As the evidence clearly demonstrates, the wife acquired a strong suspicion that her husband was travelling to the residence of Ashwathamma in Village Chelur, where he became connected with Deepa, Ashwathamma’s daughter. It has been established via several witnesses that individuals in the neighbourhood discussed the appellant’s contact with Deepa. Deepa committed herself because she was unable to cope with her humiliation. Deepa’s mother and brother followed in her footsteps. In such a case, it is exceedingly difficult to conclude that the prosecution has proven the Section 498A accusation and that the cruelty drove the wife to commit suicide. It is clear that the wife was led astray by the rumour, which heightened her suspicions. The germ of distrust placed in the mind resulted in disaster. However, such an incident does not constitute an offence or demonstrate the accused-guilt appellant’s under Section 306 of the IPC.
However, nothing has been shown by the prosecution to indicate that the accused encouraged, incited, or persuaded the wife to commit suicide in regard to the claimed extramarital relationship, which if proven might be unlawful and immoral.” Having said that, the court intends to make it plain that if the husband engages in an extra-marital affair, it may not always result in a conviction under Section 306 of the IPC, but it may certainly be a reason for divorce or other reliefs in a matrimonial dispute under other statutes.
The conviction under IPC Sections 306 and 498-A is overturned. The appellant should be released unless his imprisonment is needed in another matter.
When it comes to extra-marital relationships, the Court has ruled that a marital relationship is defined as one spouse’s legally protected marital interest in another, which includes marital obligations to another such as companionship, living under the same roof, sexual relations and the exclusive enjoyment of them, having children, their upbringing, services in the home, support, affection, love, liking, and so on, but extra-marital relationship as such is not defined in the IPC. Further, the Court observed in the context of Section 498A that the mere fact that the husband developed some intimacy with another woman during the duration of marriage and failed to discharge his marital obligations would not amount to “cruelty,” but it must be of such a nature as to drive the spouse to commit suicide to fall within the explanation to Section 498A IPC.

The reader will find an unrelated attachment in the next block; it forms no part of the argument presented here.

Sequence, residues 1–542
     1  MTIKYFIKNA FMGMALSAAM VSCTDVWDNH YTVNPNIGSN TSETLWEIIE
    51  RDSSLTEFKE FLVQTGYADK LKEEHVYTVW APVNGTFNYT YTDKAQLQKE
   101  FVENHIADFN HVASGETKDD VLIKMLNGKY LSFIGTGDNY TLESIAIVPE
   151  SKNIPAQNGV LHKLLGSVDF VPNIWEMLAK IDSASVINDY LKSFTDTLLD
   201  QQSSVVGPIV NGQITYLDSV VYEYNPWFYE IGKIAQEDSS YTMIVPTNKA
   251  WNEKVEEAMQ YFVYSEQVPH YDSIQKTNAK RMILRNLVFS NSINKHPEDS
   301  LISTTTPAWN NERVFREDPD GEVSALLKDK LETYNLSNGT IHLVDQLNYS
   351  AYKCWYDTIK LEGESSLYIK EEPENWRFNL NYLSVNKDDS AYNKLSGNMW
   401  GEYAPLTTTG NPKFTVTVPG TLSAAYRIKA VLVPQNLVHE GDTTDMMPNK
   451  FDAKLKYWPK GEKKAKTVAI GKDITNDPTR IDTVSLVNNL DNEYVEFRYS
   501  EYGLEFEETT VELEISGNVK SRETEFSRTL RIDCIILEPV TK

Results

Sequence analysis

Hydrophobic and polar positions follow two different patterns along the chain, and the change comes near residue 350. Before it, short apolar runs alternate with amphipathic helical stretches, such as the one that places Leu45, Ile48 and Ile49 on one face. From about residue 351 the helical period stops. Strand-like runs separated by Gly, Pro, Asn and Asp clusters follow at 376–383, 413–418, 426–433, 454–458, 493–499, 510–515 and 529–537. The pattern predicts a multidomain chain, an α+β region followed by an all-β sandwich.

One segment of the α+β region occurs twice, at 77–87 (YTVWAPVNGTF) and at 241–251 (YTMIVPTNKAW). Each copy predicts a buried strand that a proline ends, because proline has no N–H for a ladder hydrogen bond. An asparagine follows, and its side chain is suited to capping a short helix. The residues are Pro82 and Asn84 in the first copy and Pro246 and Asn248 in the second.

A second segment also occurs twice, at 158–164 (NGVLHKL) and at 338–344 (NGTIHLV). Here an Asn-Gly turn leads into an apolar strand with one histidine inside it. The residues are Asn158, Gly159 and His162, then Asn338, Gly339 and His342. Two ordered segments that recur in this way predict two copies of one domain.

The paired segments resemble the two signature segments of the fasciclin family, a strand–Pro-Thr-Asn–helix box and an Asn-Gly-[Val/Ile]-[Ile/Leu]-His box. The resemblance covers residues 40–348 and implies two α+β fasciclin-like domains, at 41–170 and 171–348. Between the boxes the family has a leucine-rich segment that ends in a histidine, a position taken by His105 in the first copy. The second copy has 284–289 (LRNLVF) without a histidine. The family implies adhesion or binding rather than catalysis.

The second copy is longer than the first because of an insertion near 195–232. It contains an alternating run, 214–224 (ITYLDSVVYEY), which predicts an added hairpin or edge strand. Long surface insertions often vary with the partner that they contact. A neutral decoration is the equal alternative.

The Court went on to say that harassment does not have to take the form of physical assault, and that mental harassment would equally fall under the jurisdiction of Section 498A IPC. Of course, mental cruelty differs from person to person, depending on the severity and degree of endurance; some may accept it with fortitude, while others suffer in silence; for some, it may be overwhelming, and a weak person may consider suicide. The Court concluded that the claimed extramarital relationship in the aforementioned case was not of such a type as to induce the wife to commit suicide. “Section 306 pertains to abetment of suicide, which states that if any person commits suicide, whoever abets the act of such suicide must be punished with imprisonment for a time which may exceed to ten years and shall also be liable to fine,” the two-judge Bench added. The action for committing suicide is also motivated by psychological distress induced by mental and physical maltreatment.
 Author is 4th semester student of ICFAI University, Dehradun.
 Dowry Prohibition Act Section 3, Www.indiacode.nic.in, Jul. 18, 2022, at 2, https://www.indiacode.nic.in/bitstream/123456789/5556/1/dowry_prohibition.pdf
 Section 306 in the Indian Penal Code – Indian Kanoon. (n.d.). Retrieved July 17, 2022, from https://indiankanoon.org/doc/92983/
 Section 498A in the Indian Penal Code. (n.d.). Retrieved July 17, 2022, from https://indiankanoon.org/doc/538436/
 Section 201 in the Indian Penal Code – Indian Kanoon. (n.d.). Retrieved July 17, 2022, from https://indiankanoon.org/doc/386021/
 Section 113A in the indian evidence act, 1872. (n.d.). Retrieved July 17, 2022, from https://indiankanoon.org/doc/294349/
 Ghusabhai Raisangbhai Chorasiya v. State of Gujarat , (2015) 11 SCC 753
 Gurnaib Singh v. State of Punjab, (2013) 7 SCC 108